As a way of working through this you might ask yourself: What is the importance of those values he held and bequeathed to you? Why is it still vital that parents help their children well into adulthood? How did he balance the needs of children and widow, and how ought that be managed now? What concerns for her own well-being might she have that she has not spelled out? Why, on their merits, are her actions miserly or unfair? In short, what is the right thing to do?

As you think it through, you may find it difficult to pinpoint exactly what is wrong with her actions themselves. Indeed, you may find that there isn’t anything wrong with what she is doing, judging by contemporary standards. If so, you may then be left with only your sadness over your father’s passing. That is a great sadness indeed. In fact, once you think it through, the money may seem the least of your loss, compared to who this man was and what he meant to you.

It is best in life to turn from matters over which we have little control and little responsibility to those matters over which we have great control and great responsibility. Those matters are chiefly the conduct of our own lives and how we care for our own loved ones, whose hopes, like ours, are that we be generous and prosper as long as we can.

Walking on a hillside meadow perhaps one day soon you will feel the wind and it won’t have his breath in it; sitting at his desk one day it won’t be his desk anymore, but your desk. I’m not saying it will happen today or tomorrow, but it is something to look forward to, a state of understanding and acceptance that will make your present anguish over Volvos and car seats seem strangely disconnected from life’s grave and joyous milestones.

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Can I help the handyman who sleeps on a cot?

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Cary’s classic column from THURSDAY, AUG 20, 2009

This guy in our neighborhood has it rough, but I need to maintain clear boundaries


Dear Cary,

A neighbor of mine needs help. He is effectively homeless, although I think he might have a cot of some sort in another neighbor’s garage. He works as a handyman around the neighborhood, including doing yard work for my family when we need it.

He also sometimes needs money immediately. In the past he has offered to sell us something of little value (which we refused), although recently he asked for $20 and insisted he could pay us back the next day (which he did). A few days ago he and I discussed his coming by to clean out our gutters and we agreed on a price. Last night he stopped by to ask if he could have a $10 advance, which I turned down because I did not have any cash on me.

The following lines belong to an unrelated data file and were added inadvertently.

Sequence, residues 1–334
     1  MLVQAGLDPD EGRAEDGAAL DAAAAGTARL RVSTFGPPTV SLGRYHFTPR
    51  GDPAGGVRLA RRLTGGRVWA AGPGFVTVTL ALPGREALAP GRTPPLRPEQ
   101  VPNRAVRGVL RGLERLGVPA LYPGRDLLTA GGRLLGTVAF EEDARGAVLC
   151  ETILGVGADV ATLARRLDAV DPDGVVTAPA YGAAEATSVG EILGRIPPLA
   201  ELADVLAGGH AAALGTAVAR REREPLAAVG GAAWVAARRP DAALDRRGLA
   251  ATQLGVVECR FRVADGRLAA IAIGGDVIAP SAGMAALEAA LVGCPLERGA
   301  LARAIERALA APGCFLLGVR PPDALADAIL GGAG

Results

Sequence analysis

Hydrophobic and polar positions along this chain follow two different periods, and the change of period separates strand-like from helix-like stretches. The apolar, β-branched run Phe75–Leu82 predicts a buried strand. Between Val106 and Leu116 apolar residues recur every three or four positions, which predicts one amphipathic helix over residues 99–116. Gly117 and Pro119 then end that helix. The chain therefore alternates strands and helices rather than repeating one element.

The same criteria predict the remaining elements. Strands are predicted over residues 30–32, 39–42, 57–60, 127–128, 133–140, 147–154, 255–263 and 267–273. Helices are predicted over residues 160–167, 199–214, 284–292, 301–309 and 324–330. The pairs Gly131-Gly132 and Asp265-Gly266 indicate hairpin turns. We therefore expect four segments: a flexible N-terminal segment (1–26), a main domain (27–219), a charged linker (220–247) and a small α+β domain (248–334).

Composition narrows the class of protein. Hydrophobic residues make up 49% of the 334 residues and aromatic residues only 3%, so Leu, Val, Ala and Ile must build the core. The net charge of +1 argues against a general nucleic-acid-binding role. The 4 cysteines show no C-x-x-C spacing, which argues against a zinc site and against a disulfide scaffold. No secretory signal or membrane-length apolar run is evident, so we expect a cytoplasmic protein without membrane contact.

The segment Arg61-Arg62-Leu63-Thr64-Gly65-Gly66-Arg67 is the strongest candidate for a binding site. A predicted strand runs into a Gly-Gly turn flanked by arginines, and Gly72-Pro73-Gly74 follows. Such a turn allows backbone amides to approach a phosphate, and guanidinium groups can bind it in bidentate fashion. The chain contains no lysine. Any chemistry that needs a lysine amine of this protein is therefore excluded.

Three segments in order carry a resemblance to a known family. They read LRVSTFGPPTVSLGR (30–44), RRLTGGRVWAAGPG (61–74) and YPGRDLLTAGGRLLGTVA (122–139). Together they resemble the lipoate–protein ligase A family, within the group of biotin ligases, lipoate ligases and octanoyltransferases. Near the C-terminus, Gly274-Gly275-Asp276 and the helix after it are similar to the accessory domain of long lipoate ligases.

He is also sometimes late or a no-show (like today) for the appointed time to work. He doesn’t have a phone so I can’t contact him when this happens. I am not a hard-ass when it comes to schedules but I can’t let the dog out when I expect him. I have tried in the past to leave a note for him if he was late and I needed to leave for some reason, but I believe he might be illiterate.

I really want to help him, and that feeling scares me. I believe he has some history of substance abuse and that he might not be in recovery now, in part because until about seven years ago most of my relationships were codependent ones with substance abusers. I recognize the feelings of being pulled in that direction with him.
I try really hard to make my exchanges with him about business. I have established boundaries for our transactions and I try to treat him as I would any contractor, although I sometimes pay him more than his services are worth. But I feel pulled to continue lending him money when he needs it, which I would never do with a contractor. I also would probably terminate a relationship with a contractor who is so often a no-show and so hard to communicate with.

I sometimes think about doing something substantial to get him on the right footing, like giving him a no-interest loan to buy a new lawn mower or even just giving him a small stipend to water our lawn twice a week. I think about looking for an organization that is designed to help him. I also consider the possibility of explaining to him how to manage his money and time better myself. I don’t do any of this because I fear that I’ll end up being an enabler again.

My question is: How do I know the right thing to do? How do I know when it is OK to help someone like him in a way that won’t pull me into the kind of fucked-up involvements I had in the past? Is there anything I can do to help this person beyond just paying him for the jobs he shows up to do?

Thanks,

A Former Enabler

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Dear Former Enabler,

I pay attention to coincidence. The first two letters I received this morning concerned the chaotic lives of others and our perceived obligations to them, how we can help and yet avoid entanglement. So I am going to trust that there is some sense in following this.

Here’s how I see it. There’s this guy in your neighborhood. He’s kind of a handyman. He kind of lives somewhere but not always. He’s not all that dependable but he’s around. He can clean out your gutters and mow your lawn and sometimes he asks for money and sometimes pays it back. He can’t really put a long-term plan together and carry it out. But he’s around. Sometimes you think, wow, ought to do something about that guy. Ought to fix him.